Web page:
The changing world of climate change
With its rollback of climate rules, the Trump administration taps the brakes on the unsettled ‘settled science’
The climate of climate science is experiencing a world of change. For decades, climate science has been rolling along conforming to the mantra that man is manufacturing a planet in peril. Apparently to some, living comfortably in the modern world is sending us into everincreasing climate catastrophe. But now the Trump administration, with its rollback of climate rules and review of the Clean Power Plan, is tapping the brakes on the runaway “settled science” of climate change, and the science settlers don’t like it one bit. So, planning is underway by leftist groups for a march on Washington in April by scientists and science supporters to save the planet from the current ruthless rulers. To that end, pressure is being applied against scientists and scientific organizations to force them out of the lab and into the streets to decry what community organizers see as a war on science by a decidedly political agenda.
Peer pressure from inside and out will be tremendous as many see the Washington protest as vital to saving their jobs and perhaps their careers. After all, academic departments, science and policy institutes, and political funding campaigns have been built on the foundation of “carbon pollution” equals certain planetary death.
Before entering the fray, atmospheric scientists and those who represent the atmospheric science field should ask themselves to what extent has politics influenced past scientific practice. For instance, have politicians simply funded an objective search for truth with respect to human impact on global climate, or have they actually steered the profession toward certain conclusions?
Consider the roots of the issue. Putting aside the fact that focus in the 1970s was on the coming of the next ice age, the global warming frenzy began in earnest in June 1988 when Sen. Timothy Wirth organized congressional hearings on climate change. The event was purposefully staged on one of the hottest days of the year. The sweltering night before the hearings, Mr. Wirth and his staff left the windows of the hearing room open all night to ensure an uncomfortable meeting the next day.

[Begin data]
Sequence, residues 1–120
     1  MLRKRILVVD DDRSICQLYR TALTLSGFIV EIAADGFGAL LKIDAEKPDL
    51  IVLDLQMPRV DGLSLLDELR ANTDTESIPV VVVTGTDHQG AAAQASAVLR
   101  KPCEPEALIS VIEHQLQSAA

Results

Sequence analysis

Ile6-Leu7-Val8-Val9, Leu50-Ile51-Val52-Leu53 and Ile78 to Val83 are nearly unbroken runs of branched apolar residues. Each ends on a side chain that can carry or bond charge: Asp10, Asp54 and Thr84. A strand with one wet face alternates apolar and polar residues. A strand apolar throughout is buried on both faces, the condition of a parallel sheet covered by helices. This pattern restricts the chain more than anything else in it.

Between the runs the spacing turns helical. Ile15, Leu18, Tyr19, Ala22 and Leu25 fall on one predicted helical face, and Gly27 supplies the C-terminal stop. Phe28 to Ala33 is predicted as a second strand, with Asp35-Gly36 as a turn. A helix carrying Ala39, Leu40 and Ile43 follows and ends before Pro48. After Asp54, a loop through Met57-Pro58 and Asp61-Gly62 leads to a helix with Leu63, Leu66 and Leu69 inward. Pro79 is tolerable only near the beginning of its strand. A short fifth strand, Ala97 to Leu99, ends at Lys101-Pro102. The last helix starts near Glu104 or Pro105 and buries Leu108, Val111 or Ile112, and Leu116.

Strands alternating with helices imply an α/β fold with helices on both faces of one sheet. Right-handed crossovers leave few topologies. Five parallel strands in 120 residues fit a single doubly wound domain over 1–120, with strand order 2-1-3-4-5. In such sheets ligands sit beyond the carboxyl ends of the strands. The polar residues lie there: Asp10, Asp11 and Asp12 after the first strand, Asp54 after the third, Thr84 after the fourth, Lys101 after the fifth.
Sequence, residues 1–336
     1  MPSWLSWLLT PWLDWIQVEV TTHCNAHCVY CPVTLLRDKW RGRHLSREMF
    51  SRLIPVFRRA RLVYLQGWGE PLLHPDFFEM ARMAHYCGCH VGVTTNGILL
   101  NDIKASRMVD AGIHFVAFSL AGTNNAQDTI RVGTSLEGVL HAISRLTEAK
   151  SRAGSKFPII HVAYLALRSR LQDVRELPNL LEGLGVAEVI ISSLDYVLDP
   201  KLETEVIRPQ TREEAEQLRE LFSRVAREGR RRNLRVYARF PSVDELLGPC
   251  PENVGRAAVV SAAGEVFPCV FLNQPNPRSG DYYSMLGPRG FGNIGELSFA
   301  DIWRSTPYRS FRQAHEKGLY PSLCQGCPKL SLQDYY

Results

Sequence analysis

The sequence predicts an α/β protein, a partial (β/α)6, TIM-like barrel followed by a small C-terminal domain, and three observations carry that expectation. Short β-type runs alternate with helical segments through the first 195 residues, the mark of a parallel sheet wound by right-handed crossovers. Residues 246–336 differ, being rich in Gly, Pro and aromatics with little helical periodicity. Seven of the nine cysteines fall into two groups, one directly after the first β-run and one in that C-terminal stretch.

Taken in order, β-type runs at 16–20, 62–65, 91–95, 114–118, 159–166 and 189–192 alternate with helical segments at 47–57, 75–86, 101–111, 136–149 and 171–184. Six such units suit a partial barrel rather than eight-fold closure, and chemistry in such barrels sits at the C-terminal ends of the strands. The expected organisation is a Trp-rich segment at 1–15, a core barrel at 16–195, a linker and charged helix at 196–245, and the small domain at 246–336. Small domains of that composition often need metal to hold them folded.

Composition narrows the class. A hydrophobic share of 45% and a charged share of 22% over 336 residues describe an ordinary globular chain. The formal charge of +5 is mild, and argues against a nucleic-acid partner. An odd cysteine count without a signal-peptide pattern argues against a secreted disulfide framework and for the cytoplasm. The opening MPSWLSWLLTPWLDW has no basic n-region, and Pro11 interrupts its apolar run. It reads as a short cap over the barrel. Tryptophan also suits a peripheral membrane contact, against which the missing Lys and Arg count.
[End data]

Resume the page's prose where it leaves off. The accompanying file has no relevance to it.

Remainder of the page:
The year 1988 also saw the establishment of the United Nation’s Intergovernmental Panel on Climate Change. The IPCC’s stated role is to assess the “risk of human-induced climate change, its potential impacts and options for adaptation and mitigation…” Typically, scientific investigation is not directed to find a preordained conclusion. There is a tendency rather to heed what Upton Sinclair cautioned, “It is difficult to get a man to understand something when his salary depends upon his not understanding it.”
So, if politics has already clouded climate science, is dissipating the political fog practically necessary?
Make no mistake, past scientific research has already confirmed that the earth’s climate does demonstrably change with human activity. But, the important questions include: To what extent and with what result?
The answer to “to what extent” involves spatial and temporal influences, while “with what result” involves the severity of anthropogenic influence.
For example, we know that humans produce a climate impact called the “urban heat island.” This heat island effect is demonstrated by the several degree increase in city temperatures in comparison with surrounding countryside temperatures. Yet, the heat island effect is on a limited space and time scale that most people seem to find quite bearable and preferable to more rustic subsistence.
Globally, measuring and finding natural versus human culprits for changing climate conditions is quite a bit more problematic. This can be seen in the poor forecasting ability of climate models to get even the rough trend of average global temperature change correct for the past most recent decades.